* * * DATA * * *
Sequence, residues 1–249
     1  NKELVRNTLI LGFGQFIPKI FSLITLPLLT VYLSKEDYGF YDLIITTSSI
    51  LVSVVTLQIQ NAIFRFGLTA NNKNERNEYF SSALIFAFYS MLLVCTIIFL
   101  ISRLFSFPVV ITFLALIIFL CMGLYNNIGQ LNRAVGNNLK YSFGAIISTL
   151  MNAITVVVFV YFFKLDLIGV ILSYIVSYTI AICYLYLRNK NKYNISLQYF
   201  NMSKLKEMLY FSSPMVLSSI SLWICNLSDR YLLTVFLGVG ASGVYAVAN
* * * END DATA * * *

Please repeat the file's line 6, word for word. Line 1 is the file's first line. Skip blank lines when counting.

   201  NMSKLKEMLY FSSPMVLSSI SLWICNLSDR YLLTVFLGVG ASGVYAVAN